Flora and Fauna of Regency England ~ March

by Michele Ann Young
I am beginning to forget what I have posted on this topic and when I go back through my posts I am quite startled by the amount of information I have gleaned from here and there. What I would really like to do, is to spend a year in England, travelling the highways and byways taking pictures. But then I would never get any stories done, would I? A writer's lot is a hard one. (Joking)

This little fellow is a Wheatear, also known as an English Ortolan according to our naturalist who says.

This bird
again pays its annual visit (leaving in September). They are found in great numbers about East Bourne, in Sussex, eighteen hundred dozen being annually taken in this neighbourhood. They are usually sold at sixpence a dozen
Today, this bird is rarely found in the south of England. I wonder why? Quite sad really.

Since the quote was from 1820, I thought the price interesting.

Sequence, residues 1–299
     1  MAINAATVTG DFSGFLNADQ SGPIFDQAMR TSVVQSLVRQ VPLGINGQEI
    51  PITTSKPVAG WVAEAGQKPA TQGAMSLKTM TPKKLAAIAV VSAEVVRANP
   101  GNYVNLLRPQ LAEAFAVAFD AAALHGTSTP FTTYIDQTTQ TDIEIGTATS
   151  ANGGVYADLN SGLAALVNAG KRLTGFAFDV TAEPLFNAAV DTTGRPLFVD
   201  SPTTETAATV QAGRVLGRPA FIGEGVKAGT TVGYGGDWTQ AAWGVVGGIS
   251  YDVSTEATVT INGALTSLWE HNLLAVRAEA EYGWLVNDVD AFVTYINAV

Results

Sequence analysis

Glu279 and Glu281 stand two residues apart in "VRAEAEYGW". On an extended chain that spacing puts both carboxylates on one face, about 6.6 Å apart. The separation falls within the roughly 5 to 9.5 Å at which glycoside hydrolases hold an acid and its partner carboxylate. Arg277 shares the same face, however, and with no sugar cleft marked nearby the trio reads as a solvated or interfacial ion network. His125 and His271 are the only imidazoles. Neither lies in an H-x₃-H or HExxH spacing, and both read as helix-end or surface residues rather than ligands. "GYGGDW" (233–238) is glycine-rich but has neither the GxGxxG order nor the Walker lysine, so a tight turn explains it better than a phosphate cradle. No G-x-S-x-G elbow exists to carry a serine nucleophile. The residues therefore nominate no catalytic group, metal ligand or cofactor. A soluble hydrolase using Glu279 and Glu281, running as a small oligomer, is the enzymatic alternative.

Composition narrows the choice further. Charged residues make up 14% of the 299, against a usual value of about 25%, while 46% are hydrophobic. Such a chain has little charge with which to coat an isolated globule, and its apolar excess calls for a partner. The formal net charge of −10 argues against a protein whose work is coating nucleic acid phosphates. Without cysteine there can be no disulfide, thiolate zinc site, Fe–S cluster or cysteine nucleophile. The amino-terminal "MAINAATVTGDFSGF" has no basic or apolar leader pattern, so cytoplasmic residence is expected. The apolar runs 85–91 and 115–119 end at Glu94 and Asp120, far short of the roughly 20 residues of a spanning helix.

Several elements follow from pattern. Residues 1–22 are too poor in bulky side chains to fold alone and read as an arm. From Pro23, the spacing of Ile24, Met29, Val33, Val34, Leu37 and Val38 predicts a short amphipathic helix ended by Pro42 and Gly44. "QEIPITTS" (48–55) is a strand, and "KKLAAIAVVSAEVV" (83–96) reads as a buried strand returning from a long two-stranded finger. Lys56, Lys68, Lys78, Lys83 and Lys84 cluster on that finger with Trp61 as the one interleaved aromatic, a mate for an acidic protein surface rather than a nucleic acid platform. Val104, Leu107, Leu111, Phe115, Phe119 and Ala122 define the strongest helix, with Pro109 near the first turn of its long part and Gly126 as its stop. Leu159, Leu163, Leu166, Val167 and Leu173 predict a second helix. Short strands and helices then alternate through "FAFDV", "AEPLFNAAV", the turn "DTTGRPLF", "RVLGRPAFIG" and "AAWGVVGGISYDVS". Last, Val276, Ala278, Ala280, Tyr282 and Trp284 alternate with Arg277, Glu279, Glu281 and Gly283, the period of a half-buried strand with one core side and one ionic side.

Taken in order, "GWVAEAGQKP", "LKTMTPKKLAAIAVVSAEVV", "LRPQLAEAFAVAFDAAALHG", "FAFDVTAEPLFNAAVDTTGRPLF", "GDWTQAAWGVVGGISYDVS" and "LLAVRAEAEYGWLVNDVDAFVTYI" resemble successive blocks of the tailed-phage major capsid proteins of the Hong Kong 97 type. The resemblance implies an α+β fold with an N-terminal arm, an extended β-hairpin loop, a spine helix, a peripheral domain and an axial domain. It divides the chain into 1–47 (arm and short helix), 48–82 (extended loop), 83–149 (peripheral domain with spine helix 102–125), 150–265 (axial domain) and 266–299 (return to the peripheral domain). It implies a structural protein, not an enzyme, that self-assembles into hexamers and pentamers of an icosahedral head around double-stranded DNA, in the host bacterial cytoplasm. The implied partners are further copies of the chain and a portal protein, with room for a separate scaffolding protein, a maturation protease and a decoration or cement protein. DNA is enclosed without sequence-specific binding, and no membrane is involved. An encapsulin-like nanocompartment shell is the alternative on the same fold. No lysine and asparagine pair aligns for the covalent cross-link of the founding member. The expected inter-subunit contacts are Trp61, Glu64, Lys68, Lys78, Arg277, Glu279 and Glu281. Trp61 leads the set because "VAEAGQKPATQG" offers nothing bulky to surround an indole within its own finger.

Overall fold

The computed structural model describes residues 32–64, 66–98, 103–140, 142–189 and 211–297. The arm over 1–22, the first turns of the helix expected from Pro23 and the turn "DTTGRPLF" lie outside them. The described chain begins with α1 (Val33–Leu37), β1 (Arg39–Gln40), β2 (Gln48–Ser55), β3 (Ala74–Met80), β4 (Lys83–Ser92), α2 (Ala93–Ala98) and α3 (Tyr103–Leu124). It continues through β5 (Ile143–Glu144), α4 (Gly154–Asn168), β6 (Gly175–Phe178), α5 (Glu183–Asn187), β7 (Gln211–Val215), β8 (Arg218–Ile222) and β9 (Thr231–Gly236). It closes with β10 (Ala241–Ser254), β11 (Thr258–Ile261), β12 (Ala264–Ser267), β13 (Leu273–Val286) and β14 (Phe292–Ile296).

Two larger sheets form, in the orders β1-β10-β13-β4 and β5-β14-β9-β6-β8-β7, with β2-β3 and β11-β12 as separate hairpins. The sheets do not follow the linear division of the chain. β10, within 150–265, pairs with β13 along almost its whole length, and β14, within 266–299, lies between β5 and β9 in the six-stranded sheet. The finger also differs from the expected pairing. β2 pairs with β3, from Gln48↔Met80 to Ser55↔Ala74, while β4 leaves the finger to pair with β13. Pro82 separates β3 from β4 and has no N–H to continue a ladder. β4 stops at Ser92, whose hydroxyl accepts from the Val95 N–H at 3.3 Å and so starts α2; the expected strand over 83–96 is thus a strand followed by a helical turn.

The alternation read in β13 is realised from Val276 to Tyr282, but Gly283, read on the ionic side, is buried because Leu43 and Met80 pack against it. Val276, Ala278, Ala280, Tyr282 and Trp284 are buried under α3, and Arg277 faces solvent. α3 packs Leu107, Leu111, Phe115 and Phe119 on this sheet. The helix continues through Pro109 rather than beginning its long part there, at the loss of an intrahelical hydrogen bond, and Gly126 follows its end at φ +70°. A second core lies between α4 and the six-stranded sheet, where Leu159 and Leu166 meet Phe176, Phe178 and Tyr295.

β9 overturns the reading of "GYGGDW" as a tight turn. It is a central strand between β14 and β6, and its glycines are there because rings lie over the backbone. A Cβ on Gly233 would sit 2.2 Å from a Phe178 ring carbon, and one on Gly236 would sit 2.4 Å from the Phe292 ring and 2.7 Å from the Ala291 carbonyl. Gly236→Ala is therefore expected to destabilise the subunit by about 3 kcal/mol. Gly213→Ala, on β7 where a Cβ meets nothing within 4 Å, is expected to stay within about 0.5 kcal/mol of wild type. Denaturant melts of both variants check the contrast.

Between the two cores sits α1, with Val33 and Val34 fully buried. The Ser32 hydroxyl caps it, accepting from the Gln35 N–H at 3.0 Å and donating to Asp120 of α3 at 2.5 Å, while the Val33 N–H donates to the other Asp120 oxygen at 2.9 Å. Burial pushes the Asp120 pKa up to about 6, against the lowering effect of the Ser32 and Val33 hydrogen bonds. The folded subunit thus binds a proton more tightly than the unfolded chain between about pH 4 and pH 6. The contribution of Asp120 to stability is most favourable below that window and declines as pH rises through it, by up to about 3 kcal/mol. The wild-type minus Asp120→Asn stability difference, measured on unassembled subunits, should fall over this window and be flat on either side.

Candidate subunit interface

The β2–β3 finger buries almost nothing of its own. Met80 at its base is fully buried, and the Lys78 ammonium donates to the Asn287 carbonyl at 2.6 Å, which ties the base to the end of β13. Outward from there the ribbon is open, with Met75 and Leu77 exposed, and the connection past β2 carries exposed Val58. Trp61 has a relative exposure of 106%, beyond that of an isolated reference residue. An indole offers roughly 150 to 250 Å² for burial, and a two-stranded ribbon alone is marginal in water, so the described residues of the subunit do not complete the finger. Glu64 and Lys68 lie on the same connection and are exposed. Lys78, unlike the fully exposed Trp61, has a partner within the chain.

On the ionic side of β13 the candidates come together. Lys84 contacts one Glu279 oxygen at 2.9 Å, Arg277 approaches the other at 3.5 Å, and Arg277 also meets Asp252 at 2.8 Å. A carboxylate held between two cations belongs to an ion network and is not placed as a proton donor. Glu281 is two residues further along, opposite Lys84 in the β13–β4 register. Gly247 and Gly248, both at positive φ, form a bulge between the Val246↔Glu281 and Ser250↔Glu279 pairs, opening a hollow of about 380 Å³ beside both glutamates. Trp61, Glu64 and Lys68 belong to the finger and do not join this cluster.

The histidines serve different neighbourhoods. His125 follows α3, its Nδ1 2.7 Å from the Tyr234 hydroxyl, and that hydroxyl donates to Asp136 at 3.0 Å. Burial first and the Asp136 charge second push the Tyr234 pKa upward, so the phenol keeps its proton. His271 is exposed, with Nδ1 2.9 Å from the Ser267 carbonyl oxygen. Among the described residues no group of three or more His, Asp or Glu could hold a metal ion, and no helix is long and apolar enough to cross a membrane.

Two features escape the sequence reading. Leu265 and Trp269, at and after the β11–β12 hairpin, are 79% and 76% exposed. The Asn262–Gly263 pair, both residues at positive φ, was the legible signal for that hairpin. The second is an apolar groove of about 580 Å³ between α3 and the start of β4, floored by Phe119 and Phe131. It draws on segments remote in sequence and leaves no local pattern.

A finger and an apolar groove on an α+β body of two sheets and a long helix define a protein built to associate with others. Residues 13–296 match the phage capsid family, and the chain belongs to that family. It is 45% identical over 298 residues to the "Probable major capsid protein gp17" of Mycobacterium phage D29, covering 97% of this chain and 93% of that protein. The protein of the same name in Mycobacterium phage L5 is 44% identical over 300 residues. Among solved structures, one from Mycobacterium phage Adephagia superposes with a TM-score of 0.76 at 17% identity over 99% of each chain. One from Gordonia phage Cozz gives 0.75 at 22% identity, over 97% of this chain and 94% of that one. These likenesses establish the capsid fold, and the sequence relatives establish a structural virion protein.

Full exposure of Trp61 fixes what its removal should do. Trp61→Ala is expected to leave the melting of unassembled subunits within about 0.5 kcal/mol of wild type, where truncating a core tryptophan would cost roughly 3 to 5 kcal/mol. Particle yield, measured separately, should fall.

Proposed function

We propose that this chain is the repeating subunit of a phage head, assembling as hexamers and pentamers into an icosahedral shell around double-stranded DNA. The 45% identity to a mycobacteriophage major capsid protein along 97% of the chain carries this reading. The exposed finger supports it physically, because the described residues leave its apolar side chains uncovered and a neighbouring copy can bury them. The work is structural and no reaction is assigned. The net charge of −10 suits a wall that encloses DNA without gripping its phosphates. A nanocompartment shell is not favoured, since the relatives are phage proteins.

Of interest to our regency people, the brown trout begins to rise. This is a freshwater fish, found in brooks streams and rivers, and delicious eating, then and today. It is a member of the Salmon family.

I'm sure poachers had a field day.

By this time, England is already greening up in the hedgerows. And of course the grass is nearly always green. And what are the farmers up to?

According to our naturalist:

In March the farmer dresses and rolls his meadows; spreads anthills; plants quicksets, osiers, etc. sows flax seed, artificial grasses, beans and peas, broom and whin seeds and grass seeds among the wheat. About the 23rd he ploughs for and sows oats and hemp and fax.

That's all from me, Until next time, Happy Rambles